Spain’s demand for a say in Gibraltar’s post-Brexit relationship with the European Union was “legitimate”, Brussels’s chief negotiator Brexit negotiator told the Spanish Parliament yesterday.
Speaking during a visit to Madrid, Michel Barnier also suggested that Gibraltar was not a prominent issue in the wider Brexit discussions between the UK and the EU.
“Gibraltar will leave the Union at the same time as the United Kingdom and, as such, it is not a point that figures in the negotiations, at least from my point of view,” Mr Barnier said.
“What the Spanish government has asked for, and the other 26 countries have understood as a legitimate petition, is that a condition be imposed on the United Kingdom before any agreement in the transition period is also applied to Gibraltar.”
“And that condition is that there should be a bilateral discussion between the Spanish government and the United Kingdom government.”
Mr Barnier made the comments while addressing the European Affairs Commission of the Spanish Parliament.
He heard directly from Spanish MPs of their concerns about the potential impact of Brexit on the Campo de Gibraltar and their uncertainty about Gibraltar’s position within the Brexit talks.
During his time in Madrid yesterday, Mr Barnier met Spanish Foreign Minister Alfonso Dastis and had lunch with Vice President Soraya de Santamaría.
Mr Barnier told MPs the Spanish government was “very worried” about the impact of Brexit on cross-border workers, adding that Madrid was very “clear and precise” that their rights must be protected.
Gibraltar was just one small element of Mr Barnier’s comment to MPs during the parliamentary session, which focused mainly on wider Brexit issues.
In comments that were swiftly picked up by British media, he said any post-Brexit free trade agreement with the EU could be vetoed if the UK insists on the freedom to diverge from European standards and regulations.
Michel Barnier said that any deal which failed to preserve a level regulatory playing field would face “difficulties” in securing the ratification of national and regional parliaments in the remaining 27 member states – including his homeland of France.
Up to 38 national and regional legislatures in the EU will hold a veto on any trade deal, and any one of them has the power to block it. An earlier agreement with Canada almost collapsed in 2016 over a threatened veto from the Walloon parliament in Belgium.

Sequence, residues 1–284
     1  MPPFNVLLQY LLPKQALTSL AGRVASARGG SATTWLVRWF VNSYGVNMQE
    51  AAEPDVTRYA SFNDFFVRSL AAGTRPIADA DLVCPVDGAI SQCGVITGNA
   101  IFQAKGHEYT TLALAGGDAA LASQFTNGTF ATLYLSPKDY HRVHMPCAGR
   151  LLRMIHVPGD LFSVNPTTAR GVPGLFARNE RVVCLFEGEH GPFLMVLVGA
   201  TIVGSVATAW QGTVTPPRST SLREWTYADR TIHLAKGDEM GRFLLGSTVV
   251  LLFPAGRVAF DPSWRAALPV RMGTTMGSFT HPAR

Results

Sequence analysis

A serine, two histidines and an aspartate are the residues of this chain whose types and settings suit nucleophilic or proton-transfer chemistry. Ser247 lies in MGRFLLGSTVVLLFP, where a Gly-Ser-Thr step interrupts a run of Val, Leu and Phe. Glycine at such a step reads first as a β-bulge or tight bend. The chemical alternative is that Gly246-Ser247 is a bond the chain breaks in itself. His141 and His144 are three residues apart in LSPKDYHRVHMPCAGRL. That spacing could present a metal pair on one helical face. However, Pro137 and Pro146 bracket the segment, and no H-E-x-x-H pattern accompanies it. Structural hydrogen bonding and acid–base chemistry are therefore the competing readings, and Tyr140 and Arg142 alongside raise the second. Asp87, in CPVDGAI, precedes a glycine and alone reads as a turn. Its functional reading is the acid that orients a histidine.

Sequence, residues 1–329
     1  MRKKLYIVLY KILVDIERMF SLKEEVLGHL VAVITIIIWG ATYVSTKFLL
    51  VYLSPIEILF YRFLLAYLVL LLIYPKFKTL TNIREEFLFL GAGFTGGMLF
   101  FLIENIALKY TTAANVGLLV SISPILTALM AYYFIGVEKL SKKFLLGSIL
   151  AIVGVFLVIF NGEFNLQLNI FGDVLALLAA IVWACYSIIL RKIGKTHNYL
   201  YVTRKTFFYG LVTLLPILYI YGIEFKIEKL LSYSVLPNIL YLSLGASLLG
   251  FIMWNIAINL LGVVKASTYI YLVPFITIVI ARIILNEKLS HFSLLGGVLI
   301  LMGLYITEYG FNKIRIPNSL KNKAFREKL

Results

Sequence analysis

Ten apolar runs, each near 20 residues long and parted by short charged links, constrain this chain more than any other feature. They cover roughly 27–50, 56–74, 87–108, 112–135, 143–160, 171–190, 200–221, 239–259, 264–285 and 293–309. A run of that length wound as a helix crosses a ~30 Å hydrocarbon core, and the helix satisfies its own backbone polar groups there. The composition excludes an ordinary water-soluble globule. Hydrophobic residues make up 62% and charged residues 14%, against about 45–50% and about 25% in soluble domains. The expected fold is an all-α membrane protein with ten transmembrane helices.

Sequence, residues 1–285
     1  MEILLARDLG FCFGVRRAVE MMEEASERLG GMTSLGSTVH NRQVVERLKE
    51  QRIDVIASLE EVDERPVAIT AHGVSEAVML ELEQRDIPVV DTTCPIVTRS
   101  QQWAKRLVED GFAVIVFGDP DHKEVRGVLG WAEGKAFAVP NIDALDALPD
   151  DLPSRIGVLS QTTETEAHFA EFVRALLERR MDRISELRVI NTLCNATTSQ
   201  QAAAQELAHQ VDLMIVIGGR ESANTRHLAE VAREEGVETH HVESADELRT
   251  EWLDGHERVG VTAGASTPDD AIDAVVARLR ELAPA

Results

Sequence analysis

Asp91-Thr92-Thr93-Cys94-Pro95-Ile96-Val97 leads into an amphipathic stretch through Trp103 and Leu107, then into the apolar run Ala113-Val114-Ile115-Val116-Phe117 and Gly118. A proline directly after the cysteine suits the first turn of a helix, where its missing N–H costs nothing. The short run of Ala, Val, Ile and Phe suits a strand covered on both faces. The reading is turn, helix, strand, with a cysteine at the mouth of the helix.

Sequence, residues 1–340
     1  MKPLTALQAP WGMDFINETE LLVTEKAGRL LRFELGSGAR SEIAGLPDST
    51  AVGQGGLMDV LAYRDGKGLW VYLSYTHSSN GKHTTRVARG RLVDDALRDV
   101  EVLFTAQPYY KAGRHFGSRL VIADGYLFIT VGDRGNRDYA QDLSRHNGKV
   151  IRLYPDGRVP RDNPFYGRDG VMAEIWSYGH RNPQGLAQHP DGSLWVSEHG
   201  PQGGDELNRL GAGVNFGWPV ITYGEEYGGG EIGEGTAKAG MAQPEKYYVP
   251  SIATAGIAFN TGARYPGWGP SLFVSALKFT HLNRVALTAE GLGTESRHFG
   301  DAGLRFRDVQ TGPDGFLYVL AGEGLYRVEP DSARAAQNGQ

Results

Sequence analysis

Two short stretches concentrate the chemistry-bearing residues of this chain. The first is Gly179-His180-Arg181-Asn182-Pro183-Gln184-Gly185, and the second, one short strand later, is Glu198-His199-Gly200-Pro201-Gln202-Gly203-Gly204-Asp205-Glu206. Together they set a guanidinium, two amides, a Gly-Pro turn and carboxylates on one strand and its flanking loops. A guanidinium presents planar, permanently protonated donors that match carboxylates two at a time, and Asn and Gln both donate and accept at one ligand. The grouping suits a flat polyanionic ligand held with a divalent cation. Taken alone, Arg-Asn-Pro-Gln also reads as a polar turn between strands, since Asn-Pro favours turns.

Mr Barnier said that successful ratification could hinge on Britain’s willingness to maintain convergence with the rest of the EU on issues such as food standards, environmental protections, consumer rights and financial regulation.
The freedom to diverge from EU rules is viewed as a holy grail by supporters of a “hard Brexit”, who regard it as essential for the UK to strike new trade deals with the US and other economic powers around the world.
US Commerce Secretary Wilbur Ross recently suggested that a trans-Atlantic agreement on trade could depend on the UK being ready to ditch EU rules such as the ban on imports of American chlorine-washed chicken.
“The question is whether the British, as they leave the EU, will also leave its regulatory model in order to draw closer to the Americans or others,” Mr Barnier told the Spanish parliament’s Joint Commission on the EU.
“It’s an important question because it will determine the model for co-operation we adopt and the rules we will need to avoid regulatory competition or dumping.”
“If we don’t find a solution to this question, I can imagine that in many countries – starting with my own – there will be difficulties in securing ratification of a trade deal with the English.”
“If we want to succeed – and I hope to succeed – we need to find a way to guarantee what is called in English a ‘level playing field’.”
There was “no reason” why the EU would weaken its own social model to accommodate a UK desire to converge, he said.
Mr Barnier told Spanish MPs he believed it was possible for an EU/UK trade deal to be concluded within the expected two-year transition period after the date of Brexit in March 2019.
But he warned that the risk of a disorderly exit would remain until the withdrawal deal under Article 50 of the EU treaties is finalised and endorsed by the European Council, European Parliament and Westminster. National and regional parliaments do not hold a veto on the withdrawal agreement.
Asked what model London was seeking for the post-Brexit relationship, he replied: “I can’t tell you. I’m waiting for British proposals, but I have heard the red lines they have laid down.”